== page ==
Type: Boolean
Default: false

Whether or not to log errors to console. If set to false, the app will exit on error.


Type: Function
Default: null

Error handler function. Receives an error object param.


Type: String
Default: dist

Destination of compiled views (where files are saved to)



  • Layouts: wrapper templates
  • Views: individual pages
  • Materials: partial views; registered as "partials" and "helpers" in Handlebars
  • Data: Data piped in as template context
  • Docs: Markdown files containing documentation.


Layouts are wrappers for pages. You can define as many layouts as you want by creating .html files in your layouts folder.

Example layout:

<!doctype html>
<html lang="en">

    {% body %}


Page content is inserted in the {% body %} placeholder.

Context can be passed from a page to the layout via front matter.

The layout a page uses is also defined in front matter:

layout: custom-layout
title: My Custom Layout

This would use custom-layout.html.

When no layout property is defined, the page uses the default layout.


Views are unique pages templated using Handlebars. These are both Fabricator pages and user-created pages (i.e. example templates)

View example:

title: Document Name
name: World

<h1>{{home.greeting}}, {{name}}!</h1>

{{> button}}

This outputs a page that uses the default layout (since no layout was defined).

The front matter block at the top provides context to both the layout and the page itself.

Context is also piped in from data files (see below). In this example, {{home.greeting}} refers to the greeting property in home.json.

Fabricator pages are typically stored at the root level of the views directory and user-created views (e.g. "templates", "pages", "interfaces") should be stored in subdirectories.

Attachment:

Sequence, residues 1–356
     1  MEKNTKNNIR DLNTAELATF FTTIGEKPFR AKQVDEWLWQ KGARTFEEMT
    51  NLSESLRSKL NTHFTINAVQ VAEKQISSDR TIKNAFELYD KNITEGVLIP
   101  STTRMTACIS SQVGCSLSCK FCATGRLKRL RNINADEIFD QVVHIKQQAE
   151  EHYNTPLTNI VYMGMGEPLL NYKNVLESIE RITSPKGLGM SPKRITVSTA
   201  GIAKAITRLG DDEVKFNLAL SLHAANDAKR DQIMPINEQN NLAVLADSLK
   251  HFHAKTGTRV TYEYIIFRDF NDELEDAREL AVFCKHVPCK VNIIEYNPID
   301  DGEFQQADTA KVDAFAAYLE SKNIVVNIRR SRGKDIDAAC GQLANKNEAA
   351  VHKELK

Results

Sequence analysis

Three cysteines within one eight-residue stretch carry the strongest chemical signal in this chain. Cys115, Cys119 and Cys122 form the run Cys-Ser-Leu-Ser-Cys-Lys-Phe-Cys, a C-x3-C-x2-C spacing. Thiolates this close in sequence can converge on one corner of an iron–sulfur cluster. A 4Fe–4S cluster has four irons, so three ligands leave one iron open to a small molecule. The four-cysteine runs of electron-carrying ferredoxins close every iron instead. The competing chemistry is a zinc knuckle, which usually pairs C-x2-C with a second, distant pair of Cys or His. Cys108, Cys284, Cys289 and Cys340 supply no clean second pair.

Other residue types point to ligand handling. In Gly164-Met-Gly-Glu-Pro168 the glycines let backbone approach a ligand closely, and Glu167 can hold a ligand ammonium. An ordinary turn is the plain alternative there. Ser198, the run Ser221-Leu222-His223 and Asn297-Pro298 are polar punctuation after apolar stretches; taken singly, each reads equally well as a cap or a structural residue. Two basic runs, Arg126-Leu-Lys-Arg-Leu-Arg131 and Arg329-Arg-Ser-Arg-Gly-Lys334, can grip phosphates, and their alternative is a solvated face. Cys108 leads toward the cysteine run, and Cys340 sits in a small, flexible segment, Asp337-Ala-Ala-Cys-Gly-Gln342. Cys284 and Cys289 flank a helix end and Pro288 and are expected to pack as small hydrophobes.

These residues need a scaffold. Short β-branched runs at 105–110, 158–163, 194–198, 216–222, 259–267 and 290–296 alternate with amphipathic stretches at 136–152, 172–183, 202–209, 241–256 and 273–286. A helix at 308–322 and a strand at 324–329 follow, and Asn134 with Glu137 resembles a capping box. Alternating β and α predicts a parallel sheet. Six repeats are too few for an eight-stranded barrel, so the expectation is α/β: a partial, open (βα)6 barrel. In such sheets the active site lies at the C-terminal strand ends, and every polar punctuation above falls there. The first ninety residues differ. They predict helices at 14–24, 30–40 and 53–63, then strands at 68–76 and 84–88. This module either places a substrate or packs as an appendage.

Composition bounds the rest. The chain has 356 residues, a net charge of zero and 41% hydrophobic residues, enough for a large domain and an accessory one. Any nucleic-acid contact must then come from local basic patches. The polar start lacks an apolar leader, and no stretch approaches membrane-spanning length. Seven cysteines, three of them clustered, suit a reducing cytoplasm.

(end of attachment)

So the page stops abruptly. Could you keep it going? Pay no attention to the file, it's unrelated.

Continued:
Materials are partial templates; think of them as the materials used to build pages.

They are accessed as a "partial" using the > syntax in Handlebars:

{{> material-name}}

Any file in the glob defined in options.materials is turned into a partial/helper and can be accessed as such. For example, assume the components contains materials:

└── components
    ├── button.html
    └── form-toggle.html

The content within these files can be accessed as such:

{{> button}}
{{> form-toggle}}


You can manually order materials by prefixing the file name with numbers:


This defines the order in which materials will appear in the side menu or other places the materials.items context is used.

Note: The number prefixes are ignored when registering partials, so you'll still be able to access them using the material name per usual. e.g.:

{{> foo}}
{{> bar}}
{{> qux}}

The numbers are also ignored in the .name property. The materials above would list as:



Data is defined as JSON or YAML.

The data folder can contain several .json or .yml files:

└── data
    ├── home.json
    └── contact.yml


  "greeting": "Hello"

The data within each file can be accessed using dot notation:



Docs are just a generic way to capture toolkit documenation that's not specific to a material. This could be something like JavaScript architecture, accessibility guidelines, etc.

Docs are written in markdown and are stored in src/docs by default.